Experience Our Nation's Largest Living History Museum

Visit the 18th century city of Colonial Williamsburg and you'll discover why this was the capital of Virginia and the largest, most prosperous American colony.

Men and women from all walks of life strolled these streets, and you'll following in their footsteps.

Explore dozens of original buildings, homes, and shops reconstructed on 301 acres – most on their original foundations. Rare animal breeds, historic trades, and lovingly restored gardens add layers of authenticity to the Colonial Williamsburg experience. You’ll feel as if you've traveled back in time.

 

Historic Sites

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At The Capitol, independence was declared before all other colonies, setting the pace for the American Revolution. On May 15, 1776, Virginia legislators instructed their delegation at Philadelphia’s Continental Congress to introduce a resolution to make the colonies independent from Great Britain. The gentlemen at Williamsburg sat in the oldest representative assembly in what was then the world’s newest nation. The assembly traces its beginnings to 1619 when the House of Burgesses first convened at Jamestown, Virginia.

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The Governor’s Palace was the third largest public building in Williamsburg and its size signifies the favorable position the Governor held as the king’s representative in the capital of England’s largest American colony. The 3,380-square-foot Georgian home included an 11-bin wine cellar. The immaculate grounds offered a formal garden and natural park that stretched to the north. The stable, carriage house, kitchen, scullery, laundry, and an octagonal bathhouse were arranged in service yards. It was an elaborate household requiring 25 servants and slaves to tend.

At the George Wythe House, you'll be transported to the Age of Enlightenment, when students of George Wythe, such as Thomas Jefferson, were introduced to revelations in science and the arts. Families play games, dance, and participate in daily chores at the James Geddy House. Enter the Peyton Randolph House and gain a deeper knowledge of slavery and the early African American experience. At the Public Armory, you'll learn about simple machines and find out what it took to support the Revolutionary War.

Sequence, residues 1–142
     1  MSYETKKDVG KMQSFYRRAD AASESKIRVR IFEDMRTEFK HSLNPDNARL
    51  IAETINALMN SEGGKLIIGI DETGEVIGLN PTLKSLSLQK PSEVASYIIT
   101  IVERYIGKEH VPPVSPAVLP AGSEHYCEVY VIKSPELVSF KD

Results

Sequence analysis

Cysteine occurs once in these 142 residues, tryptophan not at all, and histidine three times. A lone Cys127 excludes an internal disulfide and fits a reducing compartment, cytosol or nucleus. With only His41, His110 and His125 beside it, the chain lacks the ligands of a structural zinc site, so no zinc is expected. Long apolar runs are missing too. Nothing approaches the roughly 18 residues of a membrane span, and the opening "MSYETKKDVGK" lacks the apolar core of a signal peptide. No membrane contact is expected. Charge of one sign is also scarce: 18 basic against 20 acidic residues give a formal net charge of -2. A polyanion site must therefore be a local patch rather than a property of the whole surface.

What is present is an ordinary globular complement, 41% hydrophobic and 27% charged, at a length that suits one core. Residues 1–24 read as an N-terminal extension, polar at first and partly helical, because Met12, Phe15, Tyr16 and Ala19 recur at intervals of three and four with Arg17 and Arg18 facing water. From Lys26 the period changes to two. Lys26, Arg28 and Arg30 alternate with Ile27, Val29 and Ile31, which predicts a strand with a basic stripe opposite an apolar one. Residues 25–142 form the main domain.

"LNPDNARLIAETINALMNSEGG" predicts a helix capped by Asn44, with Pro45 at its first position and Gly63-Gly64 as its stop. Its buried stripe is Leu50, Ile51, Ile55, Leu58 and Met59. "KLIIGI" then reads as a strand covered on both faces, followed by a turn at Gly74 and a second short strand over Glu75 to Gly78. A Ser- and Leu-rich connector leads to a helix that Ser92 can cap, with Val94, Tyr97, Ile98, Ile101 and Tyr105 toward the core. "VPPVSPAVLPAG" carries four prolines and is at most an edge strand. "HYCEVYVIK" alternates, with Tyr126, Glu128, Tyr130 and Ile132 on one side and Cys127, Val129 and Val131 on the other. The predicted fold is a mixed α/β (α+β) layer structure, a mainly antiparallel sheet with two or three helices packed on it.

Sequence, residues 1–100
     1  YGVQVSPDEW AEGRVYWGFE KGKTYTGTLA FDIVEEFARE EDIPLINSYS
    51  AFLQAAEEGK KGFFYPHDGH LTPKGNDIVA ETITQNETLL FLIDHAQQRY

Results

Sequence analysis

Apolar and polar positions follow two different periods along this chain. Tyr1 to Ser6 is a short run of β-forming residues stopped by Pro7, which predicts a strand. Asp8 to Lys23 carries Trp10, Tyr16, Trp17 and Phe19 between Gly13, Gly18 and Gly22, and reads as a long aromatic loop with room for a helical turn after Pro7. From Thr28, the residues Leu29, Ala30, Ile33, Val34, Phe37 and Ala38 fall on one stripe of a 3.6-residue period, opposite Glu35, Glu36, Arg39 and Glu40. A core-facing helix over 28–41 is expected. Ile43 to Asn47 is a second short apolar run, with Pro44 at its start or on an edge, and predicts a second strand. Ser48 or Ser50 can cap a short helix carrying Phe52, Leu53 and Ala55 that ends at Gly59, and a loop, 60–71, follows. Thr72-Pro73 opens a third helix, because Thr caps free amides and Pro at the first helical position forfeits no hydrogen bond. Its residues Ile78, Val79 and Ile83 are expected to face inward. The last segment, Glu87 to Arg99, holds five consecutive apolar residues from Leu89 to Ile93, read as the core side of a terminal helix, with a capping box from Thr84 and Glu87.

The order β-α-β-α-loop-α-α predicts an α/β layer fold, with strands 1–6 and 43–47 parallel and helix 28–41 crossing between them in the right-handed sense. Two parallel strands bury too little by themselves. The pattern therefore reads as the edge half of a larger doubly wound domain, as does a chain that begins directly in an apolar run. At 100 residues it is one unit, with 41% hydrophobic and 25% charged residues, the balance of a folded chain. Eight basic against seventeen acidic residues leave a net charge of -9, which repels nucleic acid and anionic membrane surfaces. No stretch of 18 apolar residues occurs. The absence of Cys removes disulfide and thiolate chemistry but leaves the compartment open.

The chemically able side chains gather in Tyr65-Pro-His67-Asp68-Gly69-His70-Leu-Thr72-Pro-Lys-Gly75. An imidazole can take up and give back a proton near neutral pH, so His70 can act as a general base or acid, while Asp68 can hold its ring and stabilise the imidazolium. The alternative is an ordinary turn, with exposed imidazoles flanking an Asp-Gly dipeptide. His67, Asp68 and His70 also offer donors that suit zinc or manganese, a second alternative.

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Raleigh Tavern was the center of events and a gathering place where plans were made to join other colonies in the American Revolution. Meet people from the past and then enjoy freshly baked gingerbread cakes in the adjacent Bakery. More nearby taverns include:

See The Magazine, the colonial arsenal housing a collection of muskets and cannon. Take part in musket-firing demonstrations and drills, watch the militia, and listen to the fife and drums.

Pretend you are justices, defendants, and witnesses at The Courthouse, and then swing into Chowning's Tavern, one of the most popular places for BBQ, beers, and ales.

Bruton Parish Church was the Anglican church of the capital and is still active today.

Richard Charlton’s Coffeehouse re-creates the 1765 hotbed of political, business and social activity adjacent to the colonial Capitol.

 

18th Century Trades

Colonial Williamsburg is the only place where you can truly experience the dawn of America. This isn't just a place where things once happened. They are happening, right now, here in the 18th century. Step back in time and meet the people who made America — sing with them, dance with them, eat with them, and have fun with them.

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Tradespeople use real 18th-century tools and techniques in their crafts, many of which have been around since the beginning of our civilization. These skilled men and women are true apprentices, journeymen, and masters and they hone their skills with every hammer, needle, or plow. There are opportunities for you to get real, hands-on experiences with each trade including:

  • Blacksmith
  • Brickmaker
  • Cabinetmaker
  • Carpenter & Joiner
  • Farmer & Gardener
  • Gunsmith
  • Cooper
  • Weaver
  • Wigmaker
  • Wheelwright
  • Shoemaker
  • and more!

 

The Art Museums of Colonial Williamsburg

The DeWitt Wallace Decorative Arts Museum features an extensive collection of American and British antiques, showcasing furniture, metals, ceramics, glass, painting, prints, firearms, and textiles from the 17th, 18th, and 19th centuries.

Young patriots can enjoy hands-on activities and exhibits throughout the year, such as Wee Folk, Map Quest and Crack the Code. Also see the Public Hospital exhibition depicting the treatment of mentally ill patients. Visit the Museum Shop and the Museum Cafe, too.

Under the same roof, you'll find the award-winning Abby Aldrich Rockefeller Folk Art Museum, the oldest institution in the United States dedicated solely to the collection and preservation of American folk art.

Bassett Hall was the home of John D. Rockefeller Jr. and his wife Abby Aldrich Rockefeller during the restoration of the Colonial Williamsburg Historic Area. Tour the house and walk among the gardens and the woodland trails established during the 1940s.

 

Places to Stay

Colonial Williamsburg is an experience that doesn't have to end when you check in for the night. These properties are within walking distance of the Historic Area:

 

Places to Shop

In addition to the Historic Area shops offering period clothing, silver, pottery, foods, and gift items, Merchants Square on Duke of Gloucester Street features more than 40 shops including jewelry, pewter, quilts, quality clothing, restaurants, and a theater.

Jamestown

The Virginia Company sailed from England to try and establish the first permanent English colony in…

Historic Homes

As the first, largest and most prosperous of the British colonies in America, Virginia provided four…